What’s in a name? Lots. To US American culture, this batholith is called “Beacon Rock.”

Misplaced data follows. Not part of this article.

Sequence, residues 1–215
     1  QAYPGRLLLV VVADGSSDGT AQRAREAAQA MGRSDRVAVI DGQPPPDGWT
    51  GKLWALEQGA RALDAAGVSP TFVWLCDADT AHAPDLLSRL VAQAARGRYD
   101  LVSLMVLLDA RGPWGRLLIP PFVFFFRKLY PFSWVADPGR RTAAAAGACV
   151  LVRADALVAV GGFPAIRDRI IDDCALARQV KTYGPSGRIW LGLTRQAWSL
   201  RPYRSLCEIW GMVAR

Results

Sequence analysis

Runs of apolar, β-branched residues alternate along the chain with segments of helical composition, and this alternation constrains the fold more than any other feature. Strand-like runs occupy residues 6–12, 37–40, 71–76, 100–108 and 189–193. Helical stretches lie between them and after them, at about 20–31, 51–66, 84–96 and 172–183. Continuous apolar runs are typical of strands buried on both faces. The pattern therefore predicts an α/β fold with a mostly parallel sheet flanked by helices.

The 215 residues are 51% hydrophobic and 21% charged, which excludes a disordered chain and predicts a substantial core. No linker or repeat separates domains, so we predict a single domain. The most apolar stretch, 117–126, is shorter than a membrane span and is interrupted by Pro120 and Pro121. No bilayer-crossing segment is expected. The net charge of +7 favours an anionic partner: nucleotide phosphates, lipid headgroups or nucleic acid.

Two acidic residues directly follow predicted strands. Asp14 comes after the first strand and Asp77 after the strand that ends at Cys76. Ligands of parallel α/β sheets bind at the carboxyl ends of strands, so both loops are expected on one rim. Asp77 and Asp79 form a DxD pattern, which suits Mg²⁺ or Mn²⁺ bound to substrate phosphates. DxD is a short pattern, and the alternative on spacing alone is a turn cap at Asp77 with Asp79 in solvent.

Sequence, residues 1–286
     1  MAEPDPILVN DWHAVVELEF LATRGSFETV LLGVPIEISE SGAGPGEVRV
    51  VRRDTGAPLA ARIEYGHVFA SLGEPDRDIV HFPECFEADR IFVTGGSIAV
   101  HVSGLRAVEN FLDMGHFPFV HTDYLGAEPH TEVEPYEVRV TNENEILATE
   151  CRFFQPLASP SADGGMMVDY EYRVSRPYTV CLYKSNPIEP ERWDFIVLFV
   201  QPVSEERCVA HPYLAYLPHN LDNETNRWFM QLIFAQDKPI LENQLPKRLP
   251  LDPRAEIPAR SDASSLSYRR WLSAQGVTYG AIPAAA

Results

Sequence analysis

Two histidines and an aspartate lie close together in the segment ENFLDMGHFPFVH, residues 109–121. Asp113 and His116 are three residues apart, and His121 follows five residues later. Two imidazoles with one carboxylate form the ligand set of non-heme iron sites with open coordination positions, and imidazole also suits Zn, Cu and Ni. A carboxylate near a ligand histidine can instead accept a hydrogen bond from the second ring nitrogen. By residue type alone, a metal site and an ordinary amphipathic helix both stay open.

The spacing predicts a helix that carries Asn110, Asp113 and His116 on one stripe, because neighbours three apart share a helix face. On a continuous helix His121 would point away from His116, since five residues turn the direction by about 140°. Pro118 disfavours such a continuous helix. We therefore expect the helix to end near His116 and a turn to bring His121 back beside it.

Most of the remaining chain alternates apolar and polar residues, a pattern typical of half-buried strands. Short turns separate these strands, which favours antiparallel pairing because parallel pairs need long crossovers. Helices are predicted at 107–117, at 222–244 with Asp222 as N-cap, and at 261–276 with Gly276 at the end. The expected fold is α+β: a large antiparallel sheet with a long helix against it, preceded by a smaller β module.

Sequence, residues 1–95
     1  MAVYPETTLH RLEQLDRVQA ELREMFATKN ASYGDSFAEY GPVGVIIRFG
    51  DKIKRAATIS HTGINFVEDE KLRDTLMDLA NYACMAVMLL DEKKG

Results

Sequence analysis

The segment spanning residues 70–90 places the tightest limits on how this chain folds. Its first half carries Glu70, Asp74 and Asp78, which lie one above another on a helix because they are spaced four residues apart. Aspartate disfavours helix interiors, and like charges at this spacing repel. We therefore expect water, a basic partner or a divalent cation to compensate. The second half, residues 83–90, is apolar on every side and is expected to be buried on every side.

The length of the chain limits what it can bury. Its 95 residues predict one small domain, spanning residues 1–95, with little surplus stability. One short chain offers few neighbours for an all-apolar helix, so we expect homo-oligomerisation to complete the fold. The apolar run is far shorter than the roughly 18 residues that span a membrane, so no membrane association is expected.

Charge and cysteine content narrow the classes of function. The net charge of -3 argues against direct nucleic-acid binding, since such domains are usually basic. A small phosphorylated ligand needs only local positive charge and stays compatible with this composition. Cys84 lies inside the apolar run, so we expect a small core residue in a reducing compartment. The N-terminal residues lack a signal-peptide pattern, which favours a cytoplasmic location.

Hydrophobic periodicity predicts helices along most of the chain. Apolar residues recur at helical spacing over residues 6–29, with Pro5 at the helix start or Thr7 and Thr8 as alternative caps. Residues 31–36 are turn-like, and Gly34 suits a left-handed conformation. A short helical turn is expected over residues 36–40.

Kind of a lighthouse, really. When you see it, you know where you are, from a distance. To the Tsinuks, who were here for thousands of years before the Beacon people came with their steamships, the rock has two (well, hundreds, but the two you can see above) faces, looking up the Columbia River and down, at the point at which tidal forces stop pulling and pushing the water. In their cultural understanding, it is the rock that watches. The people live in the space of the rock watching. In this space, the watching is as gifted to the rock as it is returned. This weaving of world and identity is profoundly different from the US American conception, but not so different that a joint understanding is not still possible. I dream of that union and work towards it daily.